André San-Chez, the choir director at Westlake Middle School, shares their demands on day eight of a hunger strike protest against school closures. Credit: Amir Aziz

Four members of the Oakland City Council—Rebecca Kaplan, Sheng Thao, Nikki Fortunato Bas, and Carroll Fife—are introducing a resolution to request that the governor and state lawmakers eliminate OUSD’s remaining debt and revise the school funding formula that gives money to schools based on their attendance rates. 

The Alameda County Board of Education passed a resolution Tuesday night submitted by community members that recommends school districts run an equity analysis ahead of taking action on school closures to see whether they disproportionately impact any marginalized groups. The resolution also advises school districts to involve families early in the process of school closures or mergers.

Despite the Alameda County resolution being a direct response to OUSD presenting its closure plan with limited engagement, or recognition of how it would uproot low-income students and students of color, OUSD’s board still decided against starting the process over to follow the county’s recommended approach.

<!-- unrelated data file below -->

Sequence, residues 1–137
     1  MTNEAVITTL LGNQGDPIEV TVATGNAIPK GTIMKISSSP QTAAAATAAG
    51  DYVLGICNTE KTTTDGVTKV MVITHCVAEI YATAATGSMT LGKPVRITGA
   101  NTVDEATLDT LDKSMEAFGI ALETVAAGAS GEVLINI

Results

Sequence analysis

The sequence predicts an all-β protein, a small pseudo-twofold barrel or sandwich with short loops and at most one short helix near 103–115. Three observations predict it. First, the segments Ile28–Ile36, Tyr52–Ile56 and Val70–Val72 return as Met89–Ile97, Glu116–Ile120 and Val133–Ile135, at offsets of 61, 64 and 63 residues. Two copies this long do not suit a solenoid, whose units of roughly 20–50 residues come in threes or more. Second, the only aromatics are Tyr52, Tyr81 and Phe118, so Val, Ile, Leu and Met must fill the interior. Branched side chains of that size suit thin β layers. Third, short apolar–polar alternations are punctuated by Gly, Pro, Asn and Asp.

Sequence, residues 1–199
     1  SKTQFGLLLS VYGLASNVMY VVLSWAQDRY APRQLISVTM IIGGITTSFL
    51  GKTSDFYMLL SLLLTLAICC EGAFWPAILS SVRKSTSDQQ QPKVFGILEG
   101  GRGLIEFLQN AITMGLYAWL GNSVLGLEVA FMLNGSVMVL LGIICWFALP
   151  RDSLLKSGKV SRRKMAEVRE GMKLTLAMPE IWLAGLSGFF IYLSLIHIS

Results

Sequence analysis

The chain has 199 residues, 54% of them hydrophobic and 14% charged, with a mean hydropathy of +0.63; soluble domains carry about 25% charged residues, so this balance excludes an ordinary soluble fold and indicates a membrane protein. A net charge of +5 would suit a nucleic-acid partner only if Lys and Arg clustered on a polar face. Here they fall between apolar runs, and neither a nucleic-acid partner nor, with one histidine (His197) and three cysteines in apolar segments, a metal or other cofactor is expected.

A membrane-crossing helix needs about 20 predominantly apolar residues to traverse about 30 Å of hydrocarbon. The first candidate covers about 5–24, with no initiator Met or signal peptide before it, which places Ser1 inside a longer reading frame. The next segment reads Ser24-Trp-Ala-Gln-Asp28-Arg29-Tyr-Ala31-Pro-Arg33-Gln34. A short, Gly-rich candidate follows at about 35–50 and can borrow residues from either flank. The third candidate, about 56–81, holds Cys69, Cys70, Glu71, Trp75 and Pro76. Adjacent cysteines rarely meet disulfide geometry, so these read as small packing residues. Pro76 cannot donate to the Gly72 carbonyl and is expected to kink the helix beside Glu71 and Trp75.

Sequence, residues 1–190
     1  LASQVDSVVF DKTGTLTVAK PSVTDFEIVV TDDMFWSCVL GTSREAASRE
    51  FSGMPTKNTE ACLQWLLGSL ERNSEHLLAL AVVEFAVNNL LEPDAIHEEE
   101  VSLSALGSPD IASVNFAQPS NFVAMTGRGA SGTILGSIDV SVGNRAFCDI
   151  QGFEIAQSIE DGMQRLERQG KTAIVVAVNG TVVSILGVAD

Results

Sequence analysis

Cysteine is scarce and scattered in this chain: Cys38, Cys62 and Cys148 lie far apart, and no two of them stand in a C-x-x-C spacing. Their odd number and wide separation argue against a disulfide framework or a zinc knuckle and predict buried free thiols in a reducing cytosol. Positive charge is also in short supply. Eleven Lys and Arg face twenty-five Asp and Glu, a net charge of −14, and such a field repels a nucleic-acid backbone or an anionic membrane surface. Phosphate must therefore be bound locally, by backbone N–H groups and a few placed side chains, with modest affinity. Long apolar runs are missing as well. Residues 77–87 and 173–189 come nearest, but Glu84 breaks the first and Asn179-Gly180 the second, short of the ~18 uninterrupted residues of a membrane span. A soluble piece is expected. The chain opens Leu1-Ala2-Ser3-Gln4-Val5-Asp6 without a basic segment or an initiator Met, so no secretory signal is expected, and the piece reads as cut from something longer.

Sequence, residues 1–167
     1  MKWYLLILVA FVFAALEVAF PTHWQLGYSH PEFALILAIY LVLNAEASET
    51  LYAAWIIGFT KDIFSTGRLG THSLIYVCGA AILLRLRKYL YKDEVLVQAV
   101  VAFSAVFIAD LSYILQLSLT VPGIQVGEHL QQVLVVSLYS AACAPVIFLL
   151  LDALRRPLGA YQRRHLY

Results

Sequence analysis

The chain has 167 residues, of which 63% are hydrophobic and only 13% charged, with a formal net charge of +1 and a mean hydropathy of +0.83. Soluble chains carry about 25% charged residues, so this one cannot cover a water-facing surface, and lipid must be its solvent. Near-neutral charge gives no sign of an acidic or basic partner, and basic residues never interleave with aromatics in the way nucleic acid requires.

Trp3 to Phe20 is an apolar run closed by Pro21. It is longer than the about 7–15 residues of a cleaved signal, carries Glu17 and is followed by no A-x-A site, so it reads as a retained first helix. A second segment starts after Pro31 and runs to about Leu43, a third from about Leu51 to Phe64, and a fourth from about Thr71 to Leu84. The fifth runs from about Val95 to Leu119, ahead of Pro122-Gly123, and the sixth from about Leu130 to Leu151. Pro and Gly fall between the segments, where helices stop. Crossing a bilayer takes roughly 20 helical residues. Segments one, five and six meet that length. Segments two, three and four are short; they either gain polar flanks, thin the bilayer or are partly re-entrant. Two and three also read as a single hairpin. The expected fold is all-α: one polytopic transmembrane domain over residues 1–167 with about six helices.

“I firstly want to apologize to all of our students, families, teachers, and community members for having to deal with such an unfair board and a board who has not taken every single student and family into consideration,” said student director Gallegos, a student at Oakland High School. “I am grateful and I thank you, the community, for having the courage and strength to share stories with us about your experiences within these schools.”

Ashley McBride writes about education equity for The Oaklandside. Her work covers Oakland’s public district and charter schools. Before joining The Oaklandside in 2020, Ashley was a reporter for the San Antonio Express-News and the San Francisco Chronicle as a Hearst Journalism Fellow, and has held positions at the Poynter Institute and the Palm Beach Post. Ashley earned her master’s degree in journalism from Syracuse University.